John King Chains

Chain and Sprocket Fault Finding

There can be many reasons why chain and sprocket installations of any type can give difficulties in service and we can only list a small number of suggestions when operating problems occur.

FAULT

CAUSE

REMEDY

Fractured Chain Bush / Barrel

Chain Speed too High

Chain of Shorter Pitch but equivalent strength

     
 

Heavy Shock Loads

Investigate to reduce shock Loads

     
 

Corrosion Pitting

Consider using special material or Improve Lubrication

 

Roller Flatting due to Skidding

Too lightly loaded System

Increase load within limit of chain

 

Heavy Load where Friction between bush and roller bore overcomes lever friction effect of friction at roller periphery

Increase chain size if no reduction possible

 

Excessive lubricant on chain track

Clean tracking

 

Canting Over of chain on Track

Investigate

Tight Chain Joints

Material packed in chain

Clean & re- lube

 

Frozen / Seized Chain

Clean & re- lube

 

Incorrect Lubricant

Clean & re- lube

 

Corrosion

Investigate

 

Mal-alignment

Check structure

 

Fractured Chain Plates
Fractured Bearing Pin
Elongated Linkplate Holes

Overload above maximum Chain working capacity

Investigate for foreign object causing construction.

Check alignment between drive & tail sprockets

   

Protect with chain Overload Device

   

Check Power Consumption

 

Loose or Damaged Chain Attachments / Brackets

High Unit Shock Loads

Investigate

 

Incorrect Assembly of
Slats / Carrier Assemblies

Re-align to ensure correct phasing

 

Twisted Chain causing Flexing and Cross Chain Loads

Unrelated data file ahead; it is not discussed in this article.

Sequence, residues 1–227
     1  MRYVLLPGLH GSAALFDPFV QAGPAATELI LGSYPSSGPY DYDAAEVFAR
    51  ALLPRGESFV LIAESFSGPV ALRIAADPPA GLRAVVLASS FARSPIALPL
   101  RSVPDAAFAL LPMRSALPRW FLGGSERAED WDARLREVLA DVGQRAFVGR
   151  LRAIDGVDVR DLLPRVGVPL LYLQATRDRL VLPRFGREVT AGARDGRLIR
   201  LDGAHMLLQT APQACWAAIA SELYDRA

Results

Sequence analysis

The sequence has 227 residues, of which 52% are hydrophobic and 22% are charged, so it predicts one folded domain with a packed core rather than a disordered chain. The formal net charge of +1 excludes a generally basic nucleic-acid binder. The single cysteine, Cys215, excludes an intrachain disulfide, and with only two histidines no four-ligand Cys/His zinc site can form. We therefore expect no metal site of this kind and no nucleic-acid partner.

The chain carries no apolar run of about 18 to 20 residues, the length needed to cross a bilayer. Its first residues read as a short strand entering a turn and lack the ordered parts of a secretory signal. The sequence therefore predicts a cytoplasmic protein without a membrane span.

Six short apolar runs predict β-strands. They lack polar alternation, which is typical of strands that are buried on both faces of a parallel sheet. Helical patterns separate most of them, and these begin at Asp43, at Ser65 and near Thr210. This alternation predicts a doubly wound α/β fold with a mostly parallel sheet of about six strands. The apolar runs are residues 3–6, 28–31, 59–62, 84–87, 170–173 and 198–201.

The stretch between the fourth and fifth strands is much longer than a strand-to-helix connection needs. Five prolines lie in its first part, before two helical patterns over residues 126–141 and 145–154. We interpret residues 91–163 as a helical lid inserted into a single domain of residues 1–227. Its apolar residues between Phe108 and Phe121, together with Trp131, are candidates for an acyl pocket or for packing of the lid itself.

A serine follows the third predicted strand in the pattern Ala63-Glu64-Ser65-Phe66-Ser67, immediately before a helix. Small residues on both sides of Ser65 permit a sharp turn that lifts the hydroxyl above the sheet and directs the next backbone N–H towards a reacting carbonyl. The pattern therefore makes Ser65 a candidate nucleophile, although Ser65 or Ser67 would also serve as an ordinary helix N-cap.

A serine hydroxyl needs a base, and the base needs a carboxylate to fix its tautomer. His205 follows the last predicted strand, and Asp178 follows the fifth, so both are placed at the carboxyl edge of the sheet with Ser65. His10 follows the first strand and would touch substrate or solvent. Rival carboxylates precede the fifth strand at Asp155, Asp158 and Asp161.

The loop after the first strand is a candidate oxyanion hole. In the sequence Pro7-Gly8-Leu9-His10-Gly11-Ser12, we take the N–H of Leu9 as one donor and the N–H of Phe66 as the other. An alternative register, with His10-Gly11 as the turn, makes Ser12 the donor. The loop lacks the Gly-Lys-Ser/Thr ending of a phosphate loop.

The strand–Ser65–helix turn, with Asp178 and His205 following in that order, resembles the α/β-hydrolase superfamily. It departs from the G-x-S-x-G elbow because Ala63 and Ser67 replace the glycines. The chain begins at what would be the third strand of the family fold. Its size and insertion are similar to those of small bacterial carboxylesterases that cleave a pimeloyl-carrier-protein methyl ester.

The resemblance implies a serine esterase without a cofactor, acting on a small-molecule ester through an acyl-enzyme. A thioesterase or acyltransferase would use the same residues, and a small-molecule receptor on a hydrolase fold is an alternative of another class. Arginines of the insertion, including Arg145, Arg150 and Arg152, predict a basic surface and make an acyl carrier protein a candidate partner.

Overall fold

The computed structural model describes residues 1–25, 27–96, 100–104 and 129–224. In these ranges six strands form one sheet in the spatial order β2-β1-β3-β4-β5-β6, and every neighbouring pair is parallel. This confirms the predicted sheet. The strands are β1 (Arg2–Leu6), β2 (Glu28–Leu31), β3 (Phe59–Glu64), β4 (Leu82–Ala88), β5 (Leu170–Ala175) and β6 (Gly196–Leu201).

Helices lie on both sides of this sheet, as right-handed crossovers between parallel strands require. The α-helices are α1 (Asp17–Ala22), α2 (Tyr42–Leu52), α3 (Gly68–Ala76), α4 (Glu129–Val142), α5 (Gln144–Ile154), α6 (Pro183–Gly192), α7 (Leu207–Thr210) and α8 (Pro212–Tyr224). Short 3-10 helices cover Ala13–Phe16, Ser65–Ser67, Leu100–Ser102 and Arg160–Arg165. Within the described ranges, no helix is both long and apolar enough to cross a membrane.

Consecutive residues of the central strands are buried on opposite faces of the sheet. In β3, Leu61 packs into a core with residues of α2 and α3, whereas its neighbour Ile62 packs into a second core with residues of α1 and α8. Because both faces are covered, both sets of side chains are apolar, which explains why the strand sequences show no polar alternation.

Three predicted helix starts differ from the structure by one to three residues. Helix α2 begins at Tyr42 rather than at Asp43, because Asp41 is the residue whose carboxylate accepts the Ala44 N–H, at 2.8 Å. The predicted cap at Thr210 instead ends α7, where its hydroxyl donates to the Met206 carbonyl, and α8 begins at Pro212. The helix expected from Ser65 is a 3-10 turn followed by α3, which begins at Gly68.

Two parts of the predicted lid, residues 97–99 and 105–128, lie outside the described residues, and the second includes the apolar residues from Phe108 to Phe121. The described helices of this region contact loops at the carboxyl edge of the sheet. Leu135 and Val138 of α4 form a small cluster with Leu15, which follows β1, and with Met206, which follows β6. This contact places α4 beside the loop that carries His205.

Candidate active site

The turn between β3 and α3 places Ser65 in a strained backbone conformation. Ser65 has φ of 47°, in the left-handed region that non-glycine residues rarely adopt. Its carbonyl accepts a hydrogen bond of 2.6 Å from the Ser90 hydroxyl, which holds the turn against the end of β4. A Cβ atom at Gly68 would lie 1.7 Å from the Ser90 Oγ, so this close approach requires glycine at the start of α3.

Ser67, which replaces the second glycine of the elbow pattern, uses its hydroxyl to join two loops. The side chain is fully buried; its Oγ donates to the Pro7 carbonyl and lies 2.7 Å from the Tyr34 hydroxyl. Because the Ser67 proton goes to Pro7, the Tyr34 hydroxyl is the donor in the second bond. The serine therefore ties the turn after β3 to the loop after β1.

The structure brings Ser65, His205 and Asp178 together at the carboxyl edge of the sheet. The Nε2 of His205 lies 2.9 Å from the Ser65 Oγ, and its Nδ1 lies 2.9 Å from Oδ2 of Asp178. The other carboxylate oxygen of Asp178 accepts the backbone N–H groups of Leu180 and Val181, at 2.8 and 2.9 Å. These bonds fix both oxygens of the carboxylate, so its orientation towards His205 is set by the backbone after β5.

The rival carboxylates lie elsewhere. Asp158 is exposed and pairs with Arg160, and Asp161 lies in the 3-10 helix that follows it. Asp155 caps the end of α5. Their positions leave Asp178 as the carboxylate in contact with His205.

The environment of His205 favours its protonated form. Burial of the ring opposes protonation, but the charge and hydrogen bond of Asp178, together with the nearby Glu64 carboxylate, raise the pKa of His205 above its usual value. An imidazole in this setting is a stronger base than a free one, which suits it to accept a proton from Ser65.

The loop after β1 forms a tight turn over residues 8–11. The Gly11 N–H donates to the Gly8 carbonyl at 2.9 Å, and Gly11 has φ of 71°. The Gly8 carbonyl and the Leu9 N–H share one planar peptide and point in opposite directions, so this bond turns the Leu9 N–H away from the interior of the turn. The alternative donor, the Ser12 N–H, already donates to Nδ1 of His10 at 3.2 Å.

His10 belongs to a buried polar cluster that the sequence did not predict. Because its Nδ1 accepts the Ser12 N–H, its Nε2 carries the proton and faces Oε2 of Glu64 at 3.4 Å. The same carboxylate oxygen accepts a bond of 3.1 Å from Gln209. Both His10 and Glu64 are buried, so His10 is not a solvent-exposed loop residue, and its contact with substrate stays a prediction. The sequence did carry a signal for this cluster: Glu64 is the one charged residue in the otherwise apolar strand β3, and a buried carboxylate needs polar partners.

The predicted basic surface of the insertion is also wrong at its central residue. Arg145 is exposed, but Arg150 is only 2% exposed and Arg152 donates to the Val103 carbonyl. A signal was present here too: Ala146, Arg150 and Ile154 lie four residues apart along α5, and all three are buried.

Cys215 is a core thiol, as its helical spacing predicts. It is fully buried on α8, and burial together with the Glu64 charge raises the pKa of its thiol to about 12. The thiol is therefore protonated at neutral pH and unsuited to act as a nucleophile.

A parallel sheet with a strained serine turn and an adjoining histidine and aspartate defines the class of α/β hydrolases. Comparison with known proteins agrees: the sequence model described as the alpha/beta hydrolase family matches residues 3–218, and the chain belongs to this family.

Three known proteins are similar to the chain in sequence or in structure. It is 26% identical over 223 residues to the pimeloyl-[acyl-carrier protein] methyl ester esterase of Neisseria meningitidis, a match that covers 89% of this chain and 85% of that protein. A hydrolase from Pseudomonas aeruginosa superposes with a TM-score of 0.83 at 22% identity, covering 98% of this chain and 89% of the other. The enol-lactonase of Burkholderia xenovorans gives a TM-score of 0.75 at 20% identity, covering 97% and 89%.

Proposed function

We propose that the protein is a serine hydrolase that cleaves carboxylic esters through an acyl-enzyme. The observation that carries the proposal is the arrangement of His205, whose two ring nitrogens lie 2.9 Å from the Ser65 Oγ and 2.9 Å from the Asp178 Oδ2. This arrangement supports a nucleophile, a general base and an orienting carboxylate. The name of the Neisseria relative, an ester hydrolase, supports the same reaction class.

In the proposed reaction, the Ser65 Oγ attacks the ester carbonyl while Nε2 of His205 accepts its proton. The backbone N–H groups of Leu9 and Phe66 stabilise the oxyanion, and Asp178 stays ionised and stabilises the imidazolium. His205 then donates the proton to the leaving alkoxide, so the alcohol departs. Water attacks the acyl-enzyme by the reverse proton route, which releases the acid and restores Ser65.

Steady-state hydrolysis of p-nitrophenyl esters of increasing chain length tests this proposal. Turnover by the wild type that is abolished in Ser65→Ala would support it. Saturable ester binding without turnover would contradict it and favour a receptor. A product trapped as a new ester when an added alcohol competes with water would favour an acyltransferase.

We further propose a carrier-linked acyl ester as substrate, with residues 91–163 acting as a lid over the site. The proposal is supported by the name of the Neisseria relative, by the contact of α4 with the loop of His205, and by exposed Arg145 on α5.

Check for inaccuracies on assembly

 

Excessive Roller Bore Wear

High Unit Load

Distribute Load

 

Twisted Slats / Carriers

Investigate, highlight, correct

 

Unsatisfactory Lubrication

Improve Lubrication

 

Excessive Noise

Mis-alignment of Chain Tracking

Check all Structure Alignments

 

Too little or too much Chain Slack

Re-tension chain

 

High Speed

Use Shorter Chain Pitch Size

 

Chain Sprocket Wheels Worn

Replace

 

In-effective Lubrication Damaged / Incorrectly positioned chain tracking

Lubricate correctly Investigate and adjust as necessary

Uneven Running

“Stick Slip” / Hunting

See Roller Flatting. Check Drive for adequate capacity

 

Polygonal Action of closely spaced sprockets in a complex circuit

Increase sprocket chainwheel centres or reposition wheels

 

High Friction at Idler Sprockets

Lubricate or fit low friction bearings

 

Polygonal Action at Drive Chainwheel

Use larger diameter sprocket

 

Chain Whip

Excessive Slack

Adjust correctly

 

Worn Tooth Form

Replace Chainwheel

 

Long unsupported chain strands

Fully guide return chain strand

 

Chain Clings to Sprocket Teeth

Incorrect Tooth Form

Replace

 

Worn Tooth Form

Replace

 

Heavy Tacky Lubricant

Clean & re-lube

 

Stiff Chain Joints

See chain assembly Procedures

 

Chain Climbs Sprocket Teeth

Excessive Tooth Form Wear

Replace

 

Build Up of Excessive Chain Slack

Adjust Chain

 

Chain Elongation

Replace Chain

 

Severe Overloads

Investigate, highlight, correct

Material Packing between Chain and Tooth Root

Remove obstruction

Consider change to sprocket profile design


20.1 General Inspection Procedures
1. Place spirit level on all shafts for accuracy of horizontal settings.
2. Check visually for squareness.
3. Rotate shafts through 90 degrees and inspect again.
4. Release any chain tension weights or remove tension loads. Disconnect chain from head shaft sprockets. Place bar across chain sprocket tooth root and check alignment using a spirit level to sight against the shaft.
5. Use diagonal cross wires to ensure squareness of twin chain strand sprockets.
6. Record any rubbing marks made by the inside face of the chain side link plates on the sprocket tooth flanks. This indicates position and severity of misalignment.
7. In twin strand chain systems, ensure that one tail shaft sprocket is free running to prevent chain “wind up”.